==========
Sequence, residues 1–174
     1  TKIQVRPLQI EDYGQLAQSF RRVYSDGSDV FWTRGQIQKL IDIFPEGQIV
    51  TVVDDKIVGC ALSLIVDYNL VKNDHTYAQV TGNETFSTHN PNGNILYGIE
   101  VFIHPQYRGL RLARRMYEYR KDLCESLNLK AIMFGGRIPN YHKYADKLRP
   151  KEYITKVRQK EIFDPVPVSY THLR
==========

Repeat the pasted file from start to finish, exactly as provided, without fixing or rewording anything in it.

Sequence, residues 1–174
     1  TKIQVRPLQI EDYGQLAQSF RRVYSDGSDV FWTRGQIQKL IDIFPEGQIV
    51  TVVDDKIVGC ALSLIVDYNL VKNDHTYAQV TGNETFSTHN PNGNILYGIE
   101  VFIHPQYRGL RLARRMYEYR KDLCESLNLK AIMFGGRIPN YHKYADKLRP
   151  KEYITKVRQK EIFDPVPVSY THLR